Book Image

Mastering Embedded Linux Programming

By : Chris Simmonds
Book Image

Mastering Embedded Linux Programming

By: Chris Simmonds

Overview of this book

Mastering Embedded Linux Programming takes you through the product cycle and gives you an in-depth description of the components and options that are available at each stage. You will begin by learning about toolchains, bootloaders, the Linux kernel, and how to configure a root filesystem to create a basic working device. You will then learn how to use the two most commonly used build systems, Buildroot and Yocto, to speed up and simplify the development process. Building on this solid base, the next section considers how to make best use of raw NAND/NOR flash memory and managed flash eMMC chips, including mechanisms for increasing the lifetime of the devices and to perform reliable in-field updates. Next, you need to consider what techniques are best suited to writing applications for your device. We will then see how functions are split between processes and the usage of POSIX threads, which have a big impact on the responsiveness and performance of the final device The closing sections look at the techniques available to developers for profiling and tracing applications and kernel code using perf and ftrace.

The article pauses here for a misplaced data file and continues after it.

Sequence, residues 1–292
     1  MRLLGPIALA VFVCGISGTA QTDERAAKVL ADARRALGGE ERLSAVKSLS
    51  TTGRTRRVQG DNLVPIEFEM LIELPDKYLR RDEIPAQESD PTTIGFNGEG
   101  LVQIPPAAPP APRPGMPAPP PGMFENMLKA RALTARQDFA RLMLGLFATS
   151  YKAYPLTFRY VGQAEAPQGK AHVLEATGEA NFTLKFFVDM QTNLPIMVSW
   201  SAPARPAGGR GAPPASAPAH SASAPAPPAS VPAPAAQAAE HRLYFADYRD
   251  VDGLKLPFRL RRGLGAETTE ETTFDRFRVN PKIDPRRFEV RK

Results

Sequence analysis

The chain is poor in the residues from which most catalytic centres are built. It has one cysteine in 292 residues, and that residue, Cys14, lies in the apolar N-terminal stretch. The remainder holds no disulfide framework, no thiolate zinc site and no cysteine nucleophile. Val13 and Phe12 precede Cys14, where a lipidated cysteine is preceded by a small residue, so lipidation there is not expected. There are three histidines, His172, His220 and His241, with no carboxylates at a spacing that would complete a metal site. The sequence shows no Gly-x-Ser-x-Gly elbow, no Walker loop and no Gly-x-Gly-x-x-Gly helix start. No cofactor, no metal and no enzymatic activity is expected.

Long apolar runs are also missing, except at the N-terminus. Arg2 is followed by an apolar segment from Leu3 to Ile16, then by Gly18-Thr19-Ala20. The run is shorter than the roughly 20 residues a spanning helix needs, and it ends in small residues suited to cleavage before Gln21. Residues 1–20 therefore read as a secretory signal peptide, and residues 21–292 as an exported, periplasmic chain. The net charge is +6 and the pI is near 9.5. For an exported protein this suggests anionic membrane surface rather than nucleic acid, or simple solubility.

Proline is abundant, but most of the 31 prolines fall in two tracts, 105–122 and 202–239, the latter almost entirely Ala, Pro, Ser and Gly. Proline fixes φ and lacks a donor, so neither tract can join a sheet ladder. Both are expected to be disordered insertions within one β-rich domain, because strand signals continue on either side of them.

Table of Contents (22 chapters)
Mastering Embedded Linux Programming
About the Author
About the Reviewers

Identifying the sources of non-determinism

Fundamentally, real-time programming is about making sure that the threads controlling the output in real-time are scheduled when needed and so can complete the job before the deadline. Anything that prevents this is a problem. Here are some problem areas:

  • Scheduling: Real-time threads must be scheduled before others so they must have a real-time policy, SCHED_FIFO, or SCHED_RR. Additionally they should have priorities assigned in descending order starting with the one with the shortest deadline, according to the theory of Rate Monotonic Analysis that I described in Chapter 10, Learning About Processes and Threads.

  • Scheduling latency: The kernel must be able to reschedule as soon as an event such as an interrupt or timer occurs, and not be subject to unbounded delays. Reducing scheduling latency is a key topic later on in this chapter.

  • Priority inversion: This is a consequence of priority-based scheduling, which leads to unbounded delays when a high...